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J Diabetes Sci Technol. 2016 May 3;10(3):697-707. doi: 10.1177/1932296815614587. Print 2016 May.

Development of the Diabetes Technology Society Blood Glucose Monitor System Surveillance Protocol.

Author information

1
Mills-Peninsula Health Services, San Mateo, CA, USA dklonoff@diabetestechnology.org.
2
US Food and Drug Administration, Silver Spring, MD, USA.
3
Joan Lee Parkes Consulting Inc, Bristol, IN, USA.
4
University of Virginia, Center for Diabetes Technology, Charlottesville, VA, USA.
5
Walter Reed National Military Medical Center, Bethesda, MD, USA.
6
National Institutes of Health, Bethesda, MD, USA.
7
Albert Einstein College of Medicine, Bronx, NY, USA.
8
JDRF, New York, NY, USA.
9
University of Missouri, School of Medicine, Columbia, MO, USA.
10
Vanderbilt University, School of Medicine, Nashville, TN, USA.
11
American Diabetes Association, Alexandria, VA, USA.
12
Sampson Consulting Inc, Washington, DC.
13
Abbott Diabetes Care, Alameda, CA, USA.
14
New York-Presbyterian Hospital/Weill Cornell Medical College, New York, NY, USA.
15
Isala, Zwolle, the Netherlands.
16
Centers for Disease Control and Prevention, Atlanta, GA, USA.

Abstract

BACKGROUND:

Inaccurate blood glucsoe monitoring systems (BGMSs) can lead to adverse health effects. The Diabetes Technology Society (DTS) Surveillance Program for cleared BGMSs is intended to protect people with diabetes from inaccurate, unreliable BGMS products that are currently on the market in the United States. The Surveillance Program will provide an independent assessment of the analytical performance of cleared BGMSs.

METHODS:

The DTS BGMS Surveillance Program Steering Committee included experts in glucose monitoring, surveillance testing, and regulatory science. Over one year, the committee engaged in meetings and teleconferences aiming to describe how to conduct BGMS surveillance studies in a scientifically sound manner that is in compliance with good clinical practice and all relevant regulations.

RESULTS:

A clinical surveillance protocol was created that contains performance targets and analytical accuracy-testing studies with marketed BGMS products conducted by qualified clinical and laboratory sites. This protocol entitled "Protocol for the Diabetes Technology Society Blood Glucose Monitor System Surveillance Program" is attached as supplementary material.

CONCLUSION:

This program is needed because currently once a BGMS product has been cleared for use by the FDA, no systematic postmarket Surveillance Program exists that can monitor analytical performance and detect potential problems. This protocol will allow identification of inaccurate and unreliable BGMSs currently available on the US market. The DTS Surveillance Program will provide BGMS manufacturers a benchmark to understand the postmarket analytical performance of their products. Furthermore, patients, health care professionals, payers, and regulatory agencies will be able to use the results of the study to make informed decisions to, respectively, select, prescribe, finance, and regulate BGMSs on the market.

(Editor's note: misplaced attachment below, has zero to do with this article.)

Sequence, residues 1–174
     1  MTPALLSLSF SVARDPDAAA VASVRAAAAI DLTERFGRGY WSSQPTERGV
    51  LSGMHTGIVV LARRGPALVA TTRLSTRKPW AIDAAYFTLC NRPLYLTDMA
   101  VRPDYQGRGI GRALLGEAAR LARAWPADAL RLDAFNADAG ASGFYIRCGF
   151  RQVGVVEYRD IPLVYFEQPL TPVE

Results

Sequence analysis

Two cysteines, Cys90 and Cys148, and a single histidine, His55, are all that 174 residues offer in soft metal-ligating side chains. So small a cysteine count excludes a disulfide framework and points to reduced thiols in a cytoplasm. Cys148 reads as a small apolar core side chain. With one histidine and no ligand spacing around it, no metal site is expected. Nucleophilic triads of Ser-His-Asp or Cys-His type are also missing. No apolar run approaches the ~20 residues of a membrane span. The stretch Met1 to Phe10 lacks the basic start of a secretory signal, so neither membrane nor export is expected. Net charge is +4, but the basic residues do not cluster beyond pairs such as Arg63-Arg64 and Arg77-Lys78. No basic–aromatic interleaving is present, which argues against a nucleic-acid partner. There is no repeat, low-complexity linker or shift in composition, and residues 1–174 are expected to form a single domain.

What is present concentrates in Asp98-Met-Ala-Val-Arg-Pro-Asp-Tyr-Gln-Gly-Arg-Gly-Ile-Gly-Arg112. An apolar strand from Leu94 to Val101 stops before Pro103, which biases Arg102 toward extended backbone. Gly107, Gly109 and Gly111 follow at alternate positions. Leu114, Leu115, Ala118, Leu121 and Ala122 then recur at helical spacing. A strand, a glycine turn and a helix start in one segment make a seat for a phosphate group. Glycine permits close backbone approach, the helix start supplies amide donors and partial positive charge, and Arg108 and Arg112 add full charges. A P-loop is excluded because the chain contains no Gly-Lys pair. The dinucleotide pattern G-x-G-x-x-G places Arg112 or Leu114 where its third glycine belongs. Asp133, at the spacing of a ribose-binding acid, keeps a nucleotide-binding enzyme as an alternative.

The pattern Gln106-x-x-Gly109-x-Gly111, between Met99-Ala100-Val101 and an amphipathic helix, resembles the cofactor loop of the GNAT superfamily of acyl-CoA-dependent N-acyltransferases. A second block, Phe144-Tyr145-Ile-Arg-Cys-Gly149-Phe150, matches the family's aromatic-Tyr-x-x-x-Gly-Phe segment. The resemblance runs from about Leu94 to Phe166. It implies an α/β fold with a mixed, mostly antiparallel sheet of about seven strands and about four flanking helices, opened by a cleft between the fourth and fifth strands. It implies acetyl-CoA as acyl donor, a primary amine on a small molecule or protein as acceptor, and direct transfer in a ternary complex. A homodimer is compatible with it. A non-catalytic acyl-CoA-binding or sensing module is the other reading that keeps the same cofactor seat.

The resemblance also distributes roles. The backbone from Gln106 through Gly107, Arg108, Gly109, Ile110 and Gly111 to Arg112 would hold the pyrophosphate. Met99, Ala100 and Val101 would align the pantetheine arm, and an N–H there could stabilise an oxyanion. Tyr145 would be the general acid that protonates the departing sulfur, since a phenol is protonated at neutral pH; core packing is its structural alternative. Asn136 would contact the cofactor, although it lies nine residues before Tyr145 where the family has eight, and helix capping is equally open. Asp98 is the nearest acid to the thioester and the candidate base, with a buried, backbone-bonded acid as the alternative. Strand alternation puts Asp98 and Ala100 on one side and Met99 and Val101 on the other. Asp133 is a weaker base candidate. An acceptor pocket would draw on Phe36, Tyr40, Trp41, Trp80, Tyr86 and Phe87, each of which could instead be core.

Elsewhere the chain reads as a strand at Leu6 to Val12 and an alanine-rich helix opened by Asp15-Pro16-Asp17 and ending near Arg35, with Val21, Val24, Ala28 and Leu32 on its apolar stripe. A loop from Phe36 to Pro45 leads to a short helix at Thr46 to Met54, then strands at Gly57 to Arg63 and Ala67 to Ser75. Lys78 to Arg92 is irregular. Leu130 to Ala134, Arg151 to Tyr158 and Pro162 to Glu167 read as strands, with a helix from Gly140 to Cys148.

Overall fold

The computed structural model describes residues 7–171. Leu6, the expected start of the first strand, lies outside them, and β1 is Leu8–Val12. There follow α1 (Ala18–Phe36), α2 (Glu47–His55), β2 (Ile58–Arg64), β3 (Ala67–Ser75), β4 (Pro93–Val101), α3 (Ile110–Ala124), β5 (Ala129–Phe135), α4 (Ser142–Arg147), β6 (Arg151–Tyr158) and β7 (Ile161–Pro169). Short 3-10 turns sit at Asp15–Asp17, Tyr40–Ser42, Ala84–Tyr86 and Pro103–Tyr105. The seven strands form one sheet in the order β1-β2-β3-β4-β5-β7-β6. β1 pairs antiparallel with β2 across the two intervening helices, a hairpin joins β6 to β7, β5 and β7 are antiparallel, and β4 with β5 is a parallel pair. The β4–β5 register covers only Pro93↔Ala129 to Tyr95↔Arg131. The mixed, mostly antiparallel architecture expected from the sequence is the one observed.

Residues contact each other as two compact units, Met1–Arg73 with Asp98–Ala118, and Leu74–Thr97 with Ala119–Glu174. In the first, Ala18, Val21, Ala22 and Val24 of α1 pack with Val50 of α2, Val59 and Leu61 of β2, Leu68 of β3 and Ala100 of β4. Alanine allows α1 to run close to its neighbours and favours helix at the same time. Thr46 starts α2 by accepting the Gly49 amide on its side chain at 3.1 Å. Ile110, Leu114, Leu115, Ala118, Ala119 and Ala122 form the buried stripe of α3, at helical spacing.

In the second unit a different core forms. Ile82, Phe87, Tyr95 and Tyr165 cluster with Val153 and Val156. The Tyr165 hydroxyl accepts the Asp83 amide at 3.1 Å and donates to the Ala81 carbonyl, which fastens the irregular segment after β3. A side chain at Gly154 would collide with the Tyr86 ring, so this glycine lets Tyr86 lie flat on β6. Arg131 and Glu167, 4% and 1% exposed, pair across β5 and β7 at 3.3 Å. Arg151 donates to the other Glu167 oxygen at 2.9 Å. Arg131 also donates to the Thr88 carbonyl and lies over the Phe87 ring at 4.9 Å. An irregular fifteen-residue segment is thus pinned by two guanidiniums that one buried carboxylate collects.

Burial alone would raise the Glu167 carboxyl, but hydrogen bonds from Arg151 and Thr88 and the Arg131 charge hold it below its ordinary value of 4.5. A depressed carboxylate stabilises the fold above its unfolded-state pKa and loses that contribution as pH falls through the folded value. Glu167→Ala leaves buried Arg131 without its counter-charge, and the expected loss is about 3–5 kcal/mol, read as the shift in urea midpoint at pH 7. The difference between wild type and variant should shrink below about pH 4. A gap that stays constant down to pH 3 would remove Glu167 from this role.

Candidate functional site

KEYWORDS:

FDA; accuracy; blood glucose monitor; meter; protocol; surveillance

PMID:
26481642
PMCID:
PMC5038526
DOI:
10.1177/1932296815614587
[Indexed for MEDLINE]
Free PMC Article

Conflict of interest statement

The author(s) declared the following potential conflicts of interest with respect to the research, authorship, and/or publication of this article: DCK has served on advisory panels for Insuline, Lifecare, Novartis, Roche, Sanofi, Tempramed and Voluntis, has received research support from Eli Lilly, Halozyme, Janssen, and Novo Nordisk, and owns stocks/shares in Tempramed. JLP is an independent consultant and president of Joan Lee Parkes Consulting Inc. She has consulted for Diabetes Technology Society and Lifescan in 2014 and 2015. BPK served as an advisor to Astra Zeneca, Becton, Dickinson, and Company and Sanofi-Aventis and has received research support from Animas Inc, BD, Dexcom, Insulet, Roche Diagnostics, Sanofi-Aventis, and Tandem Diabetes Care. Stock ownership: Inspark Technologies, Inc, and TypeZero Technologies. RAV was a consultant for Sanofi, Medtronic, and Bayer at the time of the development of this program. He received an Investigator Initiated Research Grant from Dexcom. Currently, he has no disclosures except that he is an employee of Medtronic. RDB is on the Board of Diabetes Technology Society. JN has received honoraria and travel expenses from IL, BioRad, Fujiribio, Radiometer and Becton Dickinson over the past year related to scientific presentations and professional consulting. SS is an employee of Abbott Diabetes Care. JJS attended an advisory board meeting for Bayer Diabetes Care on April 25, 2015. CL, SB, GAR, AK, RL, MP, KR, DS, ES, RS, and HWV have no relevant disclosures.

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